After edging up by 0.1% in October (revised from -0.1%), the seasonally adjusted industrial production (IP) index gained another 1.1% in November. The bulk of November’s gain is attributable to utility output, thanks to colder temperatures. Performance of major sub-groups was as follows:
- Manufacturing advanced by 0.6%, besting October’s +0.5%. Manufacturing remained 3.6% below its pre-recessionary peak, however.
- Wood Products gained 3.1%, handily beating October’s 0.8% increase.
- Paper rose by 0.2%, slowing from October’s 0.8% increase.
- Construction was unchanged at 0.6%.
- Consumer Goods jumped by 1.5%, reversing October’s 0.1% decline.
Capacity utilization of all industries increased 0.8% in November (to 79.0%); both Wood Products (3.1%) and Paper (0.3%) expanded. Capacity among all industries nudged 0.2% higher in November; once again, Wood Products was unchanged while Paper shrank by 0.1%.
Manufacturing and Non-manufacturing
According to the Institute for Supply Management (ISM), expansion of economic activity in the U.S. manufacturing sector slowed slightly in December (Figure 2). The PMI registered 57.0 percent, a decrease of 0.3 percent from November's reading (50 percent is the breakpoint between contraction and expansion). “Comments from the [respondent] panel generally reflect a solid final month of the year,” said Bradley Holcomb, chair of ISM’s Manufacturing Business Survey Committee, “capping off the 2H2013, which was characterized by continuous growth and momentum in manufacturing.”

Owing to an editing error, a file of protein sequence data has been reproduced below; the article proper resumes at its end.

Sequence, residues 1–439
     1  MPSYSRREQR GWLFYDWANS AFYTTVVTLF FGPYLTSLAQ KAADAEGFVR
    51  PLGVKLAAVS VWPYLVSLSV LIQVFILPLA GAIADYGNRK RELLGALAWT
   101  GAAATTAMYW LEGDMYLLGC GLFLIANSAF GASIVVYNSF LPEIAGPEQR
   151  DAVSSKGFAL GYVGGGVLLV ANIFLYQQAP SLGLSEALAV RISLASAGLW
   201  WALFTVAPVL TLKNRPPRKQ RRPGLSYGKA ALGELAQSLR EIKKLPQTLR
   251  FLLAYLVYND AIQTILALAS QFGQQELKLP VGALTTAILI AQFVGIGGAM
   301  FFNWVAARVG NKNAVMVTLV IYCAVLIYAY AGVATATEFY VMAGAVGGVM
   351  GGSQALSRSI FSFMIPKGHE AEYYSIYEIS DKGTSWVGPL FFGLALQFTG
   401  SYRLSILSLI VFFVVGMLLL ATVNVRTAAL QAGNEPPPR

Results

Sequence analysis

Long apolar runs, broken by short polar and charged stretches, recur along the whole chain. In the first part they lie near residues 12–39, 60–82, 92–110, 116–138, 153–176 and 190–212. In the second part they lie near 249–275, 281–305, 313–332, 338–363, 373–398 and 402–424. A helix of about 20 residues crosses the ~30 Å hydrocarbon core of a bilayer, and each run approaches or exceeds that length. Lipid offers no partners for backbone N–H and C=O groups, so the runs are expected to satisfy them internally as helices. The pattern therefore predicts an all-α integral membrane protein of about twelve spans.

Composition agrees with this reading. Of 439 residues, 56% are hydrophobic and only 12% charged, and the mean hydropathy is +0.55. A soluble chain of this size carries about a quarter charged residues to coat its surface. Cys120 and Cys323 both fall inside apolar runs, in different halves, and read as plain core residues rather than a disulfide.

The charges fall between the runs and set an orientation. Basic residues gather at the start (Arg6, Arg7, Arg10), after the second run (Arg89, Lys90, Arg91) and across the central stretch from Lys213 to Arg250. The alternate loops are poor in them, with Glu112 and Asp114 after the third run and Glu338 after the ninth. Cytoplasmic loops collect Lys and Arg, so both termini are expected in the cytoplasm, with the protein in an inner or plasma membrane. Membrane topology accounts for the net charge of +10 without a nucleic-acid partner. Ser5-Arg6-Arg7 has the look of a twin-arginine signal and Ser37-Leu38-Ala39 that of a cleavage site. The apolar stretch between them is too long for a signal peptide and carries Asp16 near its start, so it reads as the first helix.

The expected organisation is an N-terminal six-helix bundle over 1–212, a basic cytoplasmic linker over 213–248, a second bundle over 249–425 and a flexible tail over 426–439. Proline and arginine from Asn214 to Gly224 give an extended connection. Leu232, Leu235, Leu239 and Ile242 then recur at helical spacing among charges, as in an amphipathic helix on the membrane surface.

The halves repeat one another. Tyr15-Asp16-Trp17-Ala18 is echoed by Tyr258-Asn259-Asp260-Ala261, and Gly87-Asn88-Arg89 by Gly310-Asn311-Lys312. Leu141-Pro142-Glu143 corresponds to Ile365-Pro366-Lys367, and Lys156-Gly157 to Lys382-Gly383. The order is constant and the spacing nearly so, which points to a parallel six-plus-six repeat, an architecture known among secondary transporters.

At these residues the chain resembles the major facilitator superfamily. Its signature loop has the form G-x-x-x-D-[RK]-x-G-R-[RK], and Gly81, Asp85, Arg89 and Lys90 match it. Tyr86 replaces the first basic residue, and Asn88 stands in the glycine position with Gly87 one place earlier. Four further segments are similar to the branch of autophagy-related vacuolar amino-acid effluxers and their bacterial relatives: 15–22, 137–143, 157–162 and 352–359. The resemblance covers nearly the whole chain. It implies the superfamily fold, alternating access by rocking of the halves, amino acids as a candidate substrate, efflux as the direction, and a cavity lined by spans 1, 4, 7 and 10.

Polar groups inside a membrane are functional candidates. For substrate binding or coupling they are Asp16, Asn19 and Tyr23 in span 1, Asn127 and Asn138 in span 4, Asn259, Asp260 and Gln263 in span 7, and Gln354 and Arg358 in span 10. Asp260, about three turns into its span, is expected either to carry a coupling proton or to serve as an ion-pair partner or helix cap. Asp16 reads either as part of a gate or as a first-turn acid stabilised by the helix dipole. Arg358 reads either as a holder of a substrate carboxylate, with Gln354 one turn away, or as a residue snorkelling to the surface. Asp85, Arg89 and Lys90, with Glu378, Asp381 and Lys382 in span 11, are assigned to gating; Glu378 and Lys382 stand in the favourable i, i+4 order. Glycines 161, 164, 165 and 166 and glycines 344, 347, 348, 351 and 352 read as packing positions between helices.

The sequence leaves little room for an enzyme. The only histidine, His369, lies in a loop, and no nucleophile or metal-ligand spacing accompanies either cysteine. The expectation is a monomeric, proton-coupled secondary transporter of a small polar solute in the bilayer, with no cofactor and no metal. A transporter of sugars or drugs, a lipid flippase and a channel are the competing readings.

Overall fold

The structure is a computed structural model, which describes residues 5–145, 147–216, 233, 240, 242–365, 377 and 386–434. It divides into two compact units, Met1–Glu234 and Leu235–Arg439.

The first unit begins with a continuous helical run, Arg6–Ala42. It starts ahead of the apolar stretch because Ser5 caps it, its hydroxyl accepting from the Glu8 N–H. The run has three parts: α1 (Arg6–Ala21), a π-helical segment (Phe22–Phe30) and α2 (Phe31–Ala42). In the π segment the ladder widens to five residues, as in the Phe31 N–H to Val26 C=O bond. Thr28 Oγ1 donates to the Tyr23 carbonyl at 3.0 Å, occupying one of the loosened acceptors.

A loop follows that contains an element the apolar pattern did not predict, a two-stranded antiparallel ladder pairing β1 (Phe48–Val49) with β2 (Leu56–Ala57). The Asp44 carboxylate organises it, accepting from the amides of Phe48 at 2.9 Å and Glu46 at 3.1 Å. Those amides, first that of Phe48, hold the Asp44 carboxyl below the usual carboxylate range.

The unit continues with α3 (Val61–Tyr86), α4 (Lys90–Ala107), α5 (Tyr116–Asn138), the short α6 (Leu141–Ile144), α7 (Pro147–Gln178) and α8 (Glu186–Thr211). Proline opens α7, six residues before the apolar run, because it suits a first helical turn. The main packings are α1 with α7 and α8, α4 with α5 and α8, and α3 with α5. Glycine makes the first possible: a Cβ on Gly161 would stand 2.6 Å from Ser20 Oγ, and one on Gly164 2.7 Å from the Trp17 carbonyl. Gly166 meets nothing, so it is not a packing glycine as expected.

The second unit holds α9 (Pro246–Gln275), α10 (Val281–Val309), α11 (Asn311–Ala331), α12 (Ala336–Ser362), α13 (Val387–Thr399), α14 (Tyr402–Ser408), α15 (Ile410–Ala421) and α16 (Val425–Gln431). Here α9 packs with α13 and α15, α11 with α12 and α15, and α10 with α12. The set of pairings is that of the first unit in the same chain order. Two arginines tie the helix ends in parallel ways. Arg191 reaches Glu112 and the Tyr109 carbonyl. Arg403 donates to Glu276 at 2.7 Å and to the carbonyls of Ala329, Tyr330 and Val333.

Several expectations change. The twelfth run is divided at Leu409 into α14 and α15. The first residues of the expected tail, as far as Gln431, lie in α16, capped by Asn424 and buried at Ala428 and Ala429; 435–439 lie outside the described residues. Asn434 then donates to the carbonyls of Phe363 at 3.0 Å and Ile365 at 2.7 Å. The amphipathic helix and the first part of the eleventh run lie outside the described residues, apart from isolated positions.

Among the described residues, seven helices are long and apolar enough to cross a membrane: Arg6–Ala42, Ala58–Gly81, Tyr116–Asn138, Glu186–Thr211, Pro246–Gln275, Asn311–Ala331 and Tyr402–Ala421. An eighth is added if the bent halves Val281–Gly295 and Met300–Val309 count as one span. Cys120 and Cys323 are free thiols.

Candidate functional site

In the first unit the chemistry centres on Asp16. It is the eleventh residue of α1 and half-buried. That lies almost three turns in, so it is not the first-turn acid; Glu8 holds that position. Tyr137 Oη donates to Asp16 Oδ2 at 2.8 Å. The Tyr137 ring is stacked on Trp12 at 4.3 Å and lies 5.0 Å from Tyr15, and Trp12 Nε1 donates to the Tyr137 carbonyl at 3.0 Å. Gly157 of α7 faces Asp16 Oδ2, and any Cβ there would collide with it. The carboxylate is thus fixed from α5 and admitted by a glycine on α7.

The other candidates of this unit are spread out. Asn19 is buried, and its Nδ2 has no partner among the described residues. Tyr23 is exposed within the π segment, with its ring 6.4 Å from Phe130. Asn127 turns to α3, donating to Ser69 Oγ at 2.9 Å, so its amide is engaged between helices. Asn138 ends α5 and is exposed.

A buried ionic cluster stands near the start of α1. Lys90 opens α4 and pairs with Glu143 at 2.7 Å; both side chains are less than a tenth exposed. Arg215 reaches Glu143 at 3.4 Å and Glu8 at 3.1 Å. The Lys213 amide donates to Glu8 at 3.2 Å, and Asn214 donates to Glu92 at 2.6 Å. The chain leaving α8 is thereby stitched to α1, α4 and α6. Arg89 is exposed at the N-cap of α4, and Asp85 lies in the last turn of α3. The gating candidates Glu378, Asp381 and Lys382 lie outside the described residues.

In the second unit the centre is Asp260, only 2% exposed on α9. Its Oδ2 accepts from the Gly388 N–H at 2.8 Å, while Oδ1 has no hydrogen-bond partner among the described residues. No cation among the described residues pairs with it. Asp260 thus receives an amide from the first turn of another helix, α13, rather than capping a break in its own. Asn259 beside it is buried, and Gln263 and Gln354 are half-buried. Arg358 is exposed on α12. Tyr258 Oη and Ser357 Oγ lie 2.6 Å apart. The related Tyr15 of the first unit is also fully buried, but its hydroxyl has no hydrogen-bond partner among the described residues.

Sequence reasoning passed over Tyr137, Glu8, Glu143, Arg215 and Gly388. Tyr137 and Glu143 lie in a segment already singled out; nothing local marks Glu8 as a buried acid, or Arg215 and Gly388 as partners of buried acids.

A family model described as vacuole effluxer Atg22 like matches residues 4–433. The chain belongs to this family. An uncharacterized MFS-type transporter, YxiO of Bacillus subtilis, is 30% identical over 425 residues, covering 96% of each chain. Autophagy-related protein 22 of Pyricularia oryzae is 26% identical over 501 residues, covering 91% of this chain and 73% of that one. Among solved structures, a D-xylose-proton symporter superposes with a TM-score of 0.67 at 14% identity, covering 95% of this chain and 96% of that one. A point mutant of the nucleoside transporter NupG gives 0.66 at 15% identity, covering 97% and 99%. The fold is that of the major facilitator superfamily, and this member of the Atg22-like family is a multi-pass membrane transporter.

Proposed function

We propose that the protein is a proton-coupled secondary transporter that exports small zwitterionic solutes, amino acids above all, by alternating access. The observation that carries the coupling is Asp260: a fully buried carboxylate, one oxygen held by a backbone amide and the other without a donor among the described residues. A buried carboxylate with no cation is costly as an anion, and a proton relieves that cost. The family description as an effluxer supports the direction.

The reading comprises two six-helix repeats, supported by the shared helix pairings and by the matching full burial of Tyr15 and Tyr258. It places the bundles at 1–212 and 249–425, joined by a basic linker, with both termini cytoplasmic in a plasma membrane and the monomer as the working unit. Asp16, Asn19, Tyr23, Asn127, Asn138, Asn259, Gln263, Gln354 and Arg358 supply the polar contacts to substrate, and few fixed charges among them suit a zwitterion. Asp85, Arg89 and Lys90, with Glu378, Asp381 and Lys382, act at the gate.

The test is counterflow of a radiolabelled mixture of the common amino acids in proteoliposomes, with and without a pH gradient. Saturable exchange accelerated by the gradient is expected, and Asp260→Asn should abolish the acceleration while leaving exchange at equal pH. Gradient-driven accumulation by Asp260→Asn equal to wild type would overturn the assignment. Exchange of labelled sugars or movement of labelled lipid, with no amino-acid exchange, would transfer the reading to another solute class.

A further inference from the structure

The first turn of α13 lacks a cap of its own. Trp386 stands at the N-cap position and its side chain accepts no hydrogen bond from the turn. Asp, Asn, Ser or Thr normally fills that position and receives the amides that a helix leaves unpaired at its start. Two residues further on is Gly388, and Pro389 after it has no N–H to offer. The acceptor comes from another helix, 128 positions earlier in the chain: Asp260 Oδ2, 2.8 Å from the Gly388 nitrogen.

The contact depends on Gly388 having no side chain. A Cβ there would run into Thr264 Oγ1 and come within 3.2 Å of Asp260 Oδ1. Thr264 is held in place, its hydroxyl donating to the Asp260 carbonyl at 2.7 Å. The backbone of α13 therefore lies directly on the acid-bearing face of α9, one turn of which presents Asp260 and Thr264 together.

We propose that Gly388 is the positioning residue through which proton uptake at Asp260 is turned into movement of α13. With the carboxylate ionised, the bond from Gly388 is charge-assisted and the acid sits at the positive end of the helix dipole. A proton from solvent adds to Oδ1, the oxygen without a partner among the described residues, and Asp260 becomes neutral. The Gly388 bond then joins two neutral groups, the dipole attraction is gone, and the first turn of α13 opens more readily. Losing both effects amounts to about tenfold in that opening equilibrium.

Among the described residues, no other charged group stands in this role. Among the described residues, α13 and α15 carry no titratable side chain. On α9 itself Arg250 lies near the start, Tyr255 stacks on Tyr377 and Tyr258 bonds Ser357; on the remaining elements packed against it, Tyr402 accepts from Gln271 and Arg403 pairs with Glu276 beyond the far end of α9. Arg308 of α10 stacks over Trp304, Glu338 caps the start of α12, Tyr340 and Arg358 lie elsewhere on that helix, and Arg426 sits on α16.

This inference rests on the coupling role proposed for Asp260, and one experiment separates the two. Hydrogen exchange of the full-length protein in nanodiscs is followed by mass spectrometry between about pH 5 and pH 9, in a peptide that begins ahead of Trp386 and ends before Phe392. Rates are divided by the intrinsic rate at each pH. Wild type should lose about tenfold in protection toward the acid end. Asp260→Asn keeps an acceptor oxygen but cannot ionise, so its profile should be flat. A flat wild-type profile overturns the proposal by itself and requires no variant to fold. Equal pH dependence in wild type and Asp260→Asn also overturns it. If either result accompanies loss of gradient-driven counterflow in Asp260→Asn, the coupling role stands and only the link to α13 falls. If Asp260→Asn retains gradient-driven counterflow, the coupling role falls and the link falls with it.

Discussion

December’s general manufacturing sub-indices were mixed (Table 3): New orders, employment, deliveries and input prices all expanded relative to November. Production, order backlogs, and exports -- while still expansionary -- slowed from the prior month’s pace. Most encouraging (if it translates into increased 4Q2013 consumption), inventories contracted; this suggests the huge 3Q2013 inventory run-up is perhaps being drawn down by increased demand.
Both Wood Products and Paper Products expanded in December. In the case of Wood Products, with no change in eight of the ten categories, rising inventories outweighed the drop in order backlogs and pushed the ISM reading for the sector into the expansion column. "Markets are sound,” wrote one Wood Products respondent. “We typically see a seasonal 4Q slowdown. However, this year … not so." Paper Products’ expansion was based on broader support, including production, employment, and order backlogs; "Orders and price continue to be strong," observed one Paper Products respondent.
Growth in the service sector, which accounts for roughly two-thirds of the U.S. economy, slowed in December as well. The NMI registered 53.0 percent, 0.9 percentage point lower than in November -- and the lowest point since June. Employment, the pace of supplier deliveries and inventories rose at a faster pace. All other sub-indices either expanded more slowly or contracted in November. The most notable development was the tumble in New Orders (down from 56.4 to 49.4) -- the first contraction in the New Orders index since July 2009. “Despite the substantial decrease in the New Orders Index.” said Anthony Nieves, chair of ISM’s Non-Manufacturing Business Survey Committee, “respondents’ comments predominately reflect that business conditions are stable.”
Among the individual service industries we track, only Construction expanded (thanks to new orders and new export orders). Real Estate retreated under falling new orders and inventories. Ag & Forestry was unchanged.
Commodities up in price included corrugated packaging and wood. Some respondents indicated paying more for gasoline and diesel, while others paid less.